3. What were your favourite courses / who were your favourite professors at SFU psychology? / What do you recall most strongly from your time at SFU?
My favourite courses were close relationships, human sexuality, and couple therapy. I took most of these courses with Dr. Rebecca Cobb, who eventually became my honours supervisor. We conducted research on how individuals maintain their relationship satisfaction and personal well-being while living long-distance from a romantic partner.
Our manuscript is currently under review for publication and Dr. Cobb and I continue to collaborate on my MA thesis and conference presentations.
My SFU experience was also enriched by being an engagement programming assistant, teaching assistant, and peer mentor. I was Psychology’s first Engagement Programming Assistant and was proud to establish the Psychology Research Lab Fair to connect students and research labs. Furthermore, I created a webpage to recognize and feature the research being conducted by our psychology undergrads. I was surprised to find out how much I enjoyed being a teaching assistant and how rewarding it was to inspire and support students’ learning of research methods. As a FASS peer mentor, I had a lot of fun meeting with my mentees to talk about academics and life.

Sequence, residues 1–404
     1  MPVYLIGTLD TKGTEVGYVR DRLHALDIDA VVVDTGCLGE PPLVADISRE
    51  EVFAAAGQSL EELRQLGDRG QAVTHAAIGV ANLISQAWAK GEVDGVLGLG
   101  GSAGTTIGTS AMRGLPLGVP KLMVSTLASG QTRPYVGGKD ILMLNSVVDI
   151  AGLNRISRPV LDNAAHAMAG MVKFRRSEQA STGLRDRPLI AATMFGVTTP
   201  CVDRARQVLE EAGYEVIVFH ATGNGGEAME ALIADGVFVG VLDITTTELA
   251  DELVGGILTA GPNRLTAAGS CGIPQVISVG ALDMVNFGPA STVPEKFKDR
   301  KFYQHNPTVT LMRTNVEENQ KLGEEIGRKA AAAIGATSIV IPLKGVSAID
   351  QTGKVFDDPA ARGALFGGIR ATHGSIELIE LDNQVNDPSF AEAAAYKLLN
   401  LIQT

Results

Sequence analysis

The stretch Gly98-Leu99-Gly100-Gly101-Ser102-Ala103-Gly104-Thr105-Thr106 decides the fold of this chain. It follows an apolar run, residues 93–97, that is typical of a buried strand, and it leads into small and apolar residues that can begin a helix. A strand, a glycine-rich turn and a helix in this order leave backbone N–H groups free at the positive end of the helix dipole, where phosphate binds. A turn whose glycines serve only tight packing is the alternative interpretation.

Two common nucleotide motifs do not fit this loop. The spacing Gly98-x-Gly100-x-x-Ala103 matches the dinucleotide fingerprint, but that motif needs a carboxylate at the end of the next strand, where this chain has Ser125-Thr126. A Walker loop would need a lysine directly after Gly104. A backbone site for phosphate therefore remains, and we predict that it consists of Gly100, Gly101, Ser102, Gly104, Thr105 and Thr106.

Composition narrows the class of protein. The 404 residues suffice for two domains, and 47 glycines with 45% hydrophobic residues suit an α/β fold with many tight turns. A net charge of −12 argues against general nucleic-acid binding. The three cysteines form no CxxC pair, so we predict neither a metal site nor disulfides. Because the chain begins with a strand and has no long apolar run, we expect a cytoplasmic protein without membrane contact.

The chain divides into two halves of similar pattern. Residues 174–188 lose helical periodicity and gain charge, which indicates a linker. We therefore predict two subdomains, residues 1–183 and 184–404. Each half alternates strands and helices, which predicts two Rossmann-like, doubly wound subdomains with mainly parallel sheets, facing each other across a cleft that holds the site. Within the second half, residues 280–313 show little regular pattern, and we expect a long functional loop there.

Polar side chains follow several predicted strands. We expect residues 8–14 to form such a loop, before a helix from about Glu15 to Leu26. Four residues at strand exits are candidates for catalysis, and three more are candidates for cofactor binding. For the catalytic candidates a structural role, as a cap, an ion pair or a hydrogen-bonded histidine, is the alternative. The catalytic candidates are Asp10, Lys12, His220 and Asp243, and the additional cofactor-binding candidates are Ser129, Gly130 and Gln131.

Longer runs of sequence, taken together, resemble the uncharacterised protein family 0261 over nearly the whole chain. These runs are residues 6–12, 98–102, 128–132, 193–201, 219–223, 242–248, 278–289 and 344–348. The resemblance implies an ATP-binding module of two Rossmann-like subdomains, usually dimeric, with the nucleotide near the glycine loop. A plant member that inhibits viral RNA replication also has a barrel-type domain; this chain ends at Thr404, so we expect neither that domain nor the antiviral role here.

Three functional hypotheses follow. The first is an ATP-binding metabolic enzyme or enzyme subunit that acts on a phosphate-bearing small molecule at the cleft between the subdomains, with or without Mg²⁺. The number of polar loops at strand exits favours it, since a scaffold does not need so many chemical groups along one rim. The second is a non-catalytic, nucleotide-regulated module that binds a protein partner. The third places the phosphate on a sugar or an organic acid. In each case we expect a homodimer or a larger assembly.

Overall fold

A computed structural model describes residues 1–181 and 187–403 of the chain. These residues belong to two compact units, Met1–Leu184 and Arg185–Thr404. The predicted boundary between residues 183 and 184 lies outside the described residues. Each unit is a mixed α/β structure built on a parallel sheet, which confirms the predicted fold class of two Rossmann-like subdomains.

4. What did you originally plan to do with your degree in psychology during your undergrad, if you had any ideas at that time? Is that different than what you do now? If so, how?
My time at SFU catalyzed my interests in romantic relationships and couple therapy. I’m exploring and learning more about being a couple counsellor by taking workshops in sex therapy and emotionally focused therapy for couples.
Near the end of my SFU degree, I volunteered at the Women Against Violence Against Women’s (WAVAW) sexual assault crisis line. This experience motivated me to learn more about trauma and I completed workshops on trauma-informed practice last summer.
I am supporting clients with trauma in my practicum and hope to complete a fellowship in 2022 that will allow me to start seeing couples while also receiving supervision and training for this work.